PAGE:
in Malawi. to overall

Approaches : (I) Determination of ocular leprosy prevalence in endemic areas. (2) Training of ophthalmic auxiliaries in diagnosing ocular leprosy and treating its complications


Previous prevalence surveys were conducted by WHO consultants in four districts of Malawi in 1979 [14]. All other ‘surveys’ were estimates by field officers or ophthalmologists at the Central Hospital. In future, broader surveys will be carried out to obtain information on the prevalence of visual impairment and blindness and their causes in all age groups.


The main causes of visual impairment and blindness are cataract, trachoma and niicrobial infections of the eye. measles/nutritional deficiency. degenerativejinflammatory diseases of the eye, glaucoma, ocular injury and onchocerciasis. There are four ophthalmologists and 25 ophthalmic auxiliaries who provide eye health care in the 3 central hospitals and 15 (of 24) districts, and 2 Mobile Eye Units providing preventive services in the 2 regions. The training of ophthalmic auxiliaries. begun in 1969, has qualified 27 ophthalmic auxiliaries: the ophthalmologists at central hospitals participate in the training of other health personnel in basic e)e health care.



During the next five years the following objectives will be achieved : (1) Thecompletion of surveys to obtain information on the prevalence of visual impairment and blindness, and their causes. (2) The formulation of national programmes for the control of blindness. (3) The establishment of permanent facilities for eye health care as an integral part of general health services at peripheral, district and central levels. (4) The development of eye health manpower required for all levels, particularly at the peripheral and district levels. (5) The intensification of educational efforts on eye health care through the mass media and the spread of education. (6) The extension of eye-care services through mobile units to restore sight by conducting eye operations in district hospitals to clear the back-

log of cataract cases. (7) The mobilization of resources to implement the programme through the National Prevention of Blindness Committee, comprised of representatives from the government, the Malawi Council for the Handicapped, community service clubs and international agencies. At the initial stages well-controlled surveys will be carried out with WHO/IEF collaboration and other bilateral assistance to determine the prevalence and causes of blindness and to distinguish which are preventable and which are curable. Subsequently, a national programme for the control of blindness and the treatment of eye diseases will be developed. This will include the expansion and strengthening of the infrastructure for the delivery of eye health care to both urban and rural communities and the utilization of health personnel as ophthalmic auxiliaries. Furthermore, it is necessary to establish and expand the training programme for ophthalmic auxiliaries within the existing Medical Auxiliary Training School in Lilongwe.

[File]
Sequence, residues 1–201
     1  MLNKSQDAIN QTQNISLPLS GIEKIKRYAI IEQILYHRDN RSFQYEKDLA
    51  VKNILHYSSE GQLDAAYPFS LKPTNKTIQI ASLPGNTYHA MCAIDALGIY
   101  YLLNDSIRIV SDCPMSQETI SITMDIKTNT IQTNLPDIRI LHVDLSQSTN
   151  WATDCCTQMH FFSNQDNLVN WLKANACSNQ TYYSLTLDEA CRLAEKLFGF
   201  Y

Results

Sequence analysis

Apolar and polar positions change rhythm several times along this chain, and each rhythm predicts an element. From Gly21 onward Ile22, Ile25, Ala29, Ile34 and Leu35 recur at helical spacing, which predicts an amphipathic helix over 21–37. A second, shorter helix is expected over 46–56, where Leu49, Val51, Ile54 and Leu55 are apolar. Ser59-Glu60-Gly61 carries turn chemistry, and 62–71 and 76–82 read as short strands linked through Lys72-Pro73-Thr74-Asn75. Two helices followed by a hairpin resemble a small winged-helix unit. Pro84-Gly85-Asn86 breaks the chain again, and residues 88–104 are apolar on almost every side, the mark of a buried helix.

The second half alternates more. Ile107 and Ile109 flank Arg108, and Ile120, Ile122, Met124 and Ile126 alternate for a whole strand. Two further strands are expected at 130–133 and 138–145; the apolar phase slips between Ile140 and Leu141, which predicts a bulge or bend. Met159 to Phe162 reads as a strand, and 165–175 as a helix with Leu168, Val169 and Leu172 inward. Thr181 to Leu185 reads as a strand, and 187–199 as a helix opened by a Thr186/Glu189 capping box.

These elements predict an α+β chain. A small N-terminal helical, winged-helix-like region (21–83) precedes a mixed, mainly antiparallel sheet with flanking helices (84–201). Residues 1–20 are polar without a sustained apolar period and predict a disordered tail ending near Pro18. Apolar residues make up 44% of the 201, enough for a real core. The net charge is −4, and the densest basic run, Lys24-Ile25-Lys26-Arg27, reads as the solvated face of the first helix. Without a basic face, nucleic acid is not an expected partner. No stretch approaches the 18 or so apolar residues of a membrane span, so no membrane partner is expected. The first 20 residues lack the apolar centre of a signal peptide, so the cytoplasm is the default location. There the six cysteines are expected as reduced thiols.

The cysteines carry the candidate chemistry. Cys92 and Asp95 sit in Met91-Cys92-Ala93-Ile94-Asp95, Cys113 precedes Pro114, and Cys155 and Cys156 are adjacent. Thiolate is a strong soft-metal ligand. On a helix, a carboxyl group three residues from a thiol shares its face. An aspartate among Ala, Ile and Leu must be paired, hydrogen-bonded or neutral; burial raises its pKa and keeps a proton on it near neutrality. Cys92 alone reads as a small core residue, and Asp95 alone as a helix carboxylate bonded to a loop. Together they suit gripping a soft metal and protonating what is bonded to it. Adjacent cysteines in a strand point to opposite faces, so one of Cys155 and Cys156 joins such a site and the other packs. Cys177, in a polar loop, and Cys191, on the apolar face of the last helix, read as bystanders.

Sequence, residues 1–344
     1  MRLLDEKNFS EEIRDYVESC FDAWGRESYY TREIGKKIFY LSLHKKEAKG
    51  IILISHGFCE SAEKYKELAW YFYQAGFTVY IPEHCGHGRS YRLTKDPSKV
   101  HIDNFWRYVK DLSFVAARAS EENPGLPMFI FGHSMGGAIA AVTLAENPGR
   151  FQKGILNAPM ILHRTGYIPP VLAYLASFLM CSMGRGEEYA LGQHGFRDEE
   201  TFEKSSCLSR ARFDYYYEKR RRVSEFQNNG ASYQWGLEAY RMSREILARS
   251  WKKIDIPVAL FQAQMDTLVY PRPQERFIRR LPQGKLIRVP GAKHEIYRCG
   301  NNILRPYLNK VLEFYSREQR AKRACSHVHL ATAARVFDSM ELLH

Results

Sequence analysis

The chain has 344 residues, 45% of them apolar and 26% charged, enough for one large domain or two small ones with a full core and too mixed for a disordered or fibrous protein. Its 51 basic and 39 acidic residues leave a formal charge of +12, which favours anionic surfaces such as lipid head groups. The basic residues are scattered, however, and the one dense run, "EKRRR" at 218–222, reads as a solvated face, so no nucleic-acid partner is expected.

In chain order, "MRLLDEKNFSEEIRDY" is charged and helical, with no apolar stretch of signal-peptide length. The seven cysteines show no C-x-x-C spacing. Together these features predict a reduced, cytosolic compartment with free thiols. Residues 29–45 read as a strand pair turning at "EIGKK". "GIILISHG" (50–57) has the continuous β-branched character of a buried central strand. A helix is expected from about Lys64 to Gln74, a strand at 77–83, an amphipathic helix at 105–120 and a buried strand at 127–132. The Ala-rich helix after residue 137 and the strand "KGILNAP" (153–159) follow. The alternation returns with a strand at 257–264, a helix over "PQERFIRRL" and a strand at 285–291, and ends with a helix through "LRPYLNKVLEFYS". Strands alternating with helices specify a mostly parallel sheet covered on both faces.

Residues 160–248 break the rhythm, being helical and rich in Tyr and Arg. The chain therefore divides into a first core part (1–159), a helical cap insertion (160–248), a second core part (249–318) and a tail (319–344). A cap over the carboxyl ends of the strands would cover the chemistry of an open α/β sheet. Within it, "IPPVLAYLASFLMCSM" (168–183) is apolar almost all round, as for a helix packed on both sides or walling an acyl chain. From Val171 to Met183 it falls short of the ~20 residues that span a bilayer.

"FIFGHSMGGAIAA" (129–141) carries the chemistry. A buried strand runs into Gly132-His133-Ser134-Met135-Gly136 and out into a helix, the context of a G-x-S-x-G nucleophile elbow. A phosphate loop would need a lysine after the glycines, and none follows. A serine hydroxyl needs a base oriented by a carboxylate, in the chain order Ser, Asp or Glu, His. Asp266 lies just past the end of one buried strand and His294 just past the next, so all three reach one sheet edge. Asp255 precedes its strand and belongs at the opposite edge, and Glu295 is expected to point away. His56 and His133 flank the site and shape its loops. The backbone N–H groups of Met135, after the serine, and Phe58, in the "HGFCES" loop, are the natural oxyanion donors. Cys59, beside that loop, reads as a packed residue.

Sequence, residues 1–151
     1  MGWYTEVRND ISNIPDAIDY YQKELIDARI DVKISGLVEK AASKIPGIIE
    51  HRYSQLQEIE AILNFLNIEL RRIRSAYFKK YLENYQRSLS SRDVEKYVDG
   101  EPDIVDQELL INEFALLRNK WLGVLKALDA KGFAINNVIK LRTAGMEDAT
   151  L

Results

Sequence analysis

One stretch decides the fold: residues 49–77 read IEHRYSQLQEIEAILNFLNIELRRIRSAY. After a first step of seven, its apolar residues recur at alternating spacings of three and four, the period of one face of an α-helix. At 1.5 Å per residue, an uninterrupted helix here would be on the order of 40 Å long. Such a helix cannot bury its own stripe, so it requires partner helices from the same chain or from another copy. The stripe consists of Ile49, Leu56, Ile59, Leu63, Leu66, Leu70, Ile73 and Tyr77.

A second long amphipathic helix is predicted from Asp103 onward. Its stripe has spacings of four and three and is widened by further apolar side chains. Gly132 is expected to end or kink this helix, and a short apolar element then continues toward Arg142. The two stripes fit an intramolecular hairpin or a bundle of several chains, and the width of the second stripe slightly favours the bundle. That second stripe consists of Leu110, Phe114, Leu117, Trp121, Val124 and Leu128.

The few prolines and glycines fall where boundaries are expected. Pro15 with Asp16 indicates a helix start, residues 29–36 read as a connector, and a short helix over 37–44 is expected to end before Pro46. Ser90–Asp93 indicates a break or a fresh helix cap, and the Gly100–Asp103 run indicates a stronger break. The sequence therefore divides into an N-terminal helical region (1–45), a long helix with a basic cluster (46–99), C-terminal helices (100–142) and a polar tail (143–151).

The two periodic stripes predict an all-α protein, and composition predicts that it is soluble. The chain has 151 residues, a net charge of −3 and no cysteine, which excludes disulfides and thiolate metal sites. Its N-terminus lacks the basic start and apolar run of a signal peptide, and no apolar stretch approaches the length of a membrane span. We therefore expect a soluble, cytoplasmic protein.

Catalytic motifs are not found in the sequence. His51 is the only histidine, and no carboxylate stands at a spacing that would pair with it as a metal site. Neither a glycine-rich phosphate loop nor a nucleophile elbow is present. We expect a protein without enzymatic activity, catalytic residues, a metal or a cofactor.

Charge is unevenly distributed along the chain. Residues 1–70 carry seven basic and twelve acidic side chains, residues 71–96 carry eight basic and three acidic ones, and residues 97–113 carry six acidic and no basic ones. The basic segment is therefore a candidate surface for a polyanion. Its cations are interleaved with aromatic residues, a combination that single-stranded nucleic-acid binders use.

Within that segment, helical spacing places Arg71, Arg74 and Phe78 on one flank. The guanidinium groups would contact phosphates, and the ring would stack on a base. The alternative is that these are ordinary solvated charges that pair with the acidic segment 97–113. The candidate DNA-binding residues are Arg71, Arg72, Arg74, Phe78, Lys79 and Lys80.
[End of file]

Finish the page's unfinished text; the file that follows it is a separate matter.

REFEREYCES I. Gopsil W. L. Onchocerciasis in Nbasaland. Sot. rrop. .Llrti. H.yg. 32. 551-552. 1939.

Trtrrls. R.

2. Ben Sira I., Ticho U. and Yassur Y. Onchocerciasis in Malawi: prevalence and distribution. Trans. R. Sot. tron

Med. HVP. 66. 296-297.


3. Be; Sira I., Tjiho G. and Yassur Y. Surgical treatment of active keratomalacia by “covering graft”. fsr. J. /r~ccl. Sci. 8, 1209-1211. 1972. 4. Currie G. Several Reports to the Secretar) for Health. Zomba File No. 6681. 1955-I 956. 5. Merin S. Incidence of blindness in Malawi. I/r//r/~~,i I,&. Bull. 1. l-2. 1967. 6. Clarkson A. Blindness in Malawi. Malawi med. Bull. 2, 4-5, 1967. 7. Merin S. Malnutrition as a cause of blindness in children. .bfn/tm,i jr&. Bull. 2. 6-8. 1967. 8. Merin S. Blindness in Malawi. L4oltrll.i Mel. Bull. 2. 2--d. 1967. 9. Freund M. Glaucoma in Malawi. Centr. ,4./b. J. .Ilrtl. 14, 181-189, 1968. 10. Ticho U. and Ben Sira I. Ocular leprosy in Malawi. Br. J. Ophthal.

54, 107-112,


11. Chirambo M. C. and BenEzra D. Causes of Blindness among students in blind school institutions in a developing country. Br. J. Ophthal. 60, 665-668, 1976.

12. BenEzra D. and Chirambo M. C. Incidence of Retmoblastoma in Malawi. J. Paediat. OphrhuI. 13, 340-343. 1976. 13. BenEzra D. and Chirambo M. C. incidence and Causes of Blindness among the Underfive age group in Malawi. Br. J. Ophrhal. 61, 154-157, 1977. 14. Budden F. H. Blindness in Malawi. WHO/PBL, 1979. 15. Chirambo M. C. and Mbvundula M. Vitamin A deficiency in Malawi. WHO!ICP’NUT. 1980. 16. Duke N. Onchocerciasis in Thyolo. WHO,ICP PBL. 1981. 17. Joseph N. Paramedical ophthalmic education m Malawi. S. Afr. J. Ophrhul. 1. 275-276. 1913. 18. Chirambo M. C. The ophthalmic medical assistant. .MOYO 12,l l-13. 1977. 19. Meaders R. Malawi Country Report. WHO,ICP PBL. 1981.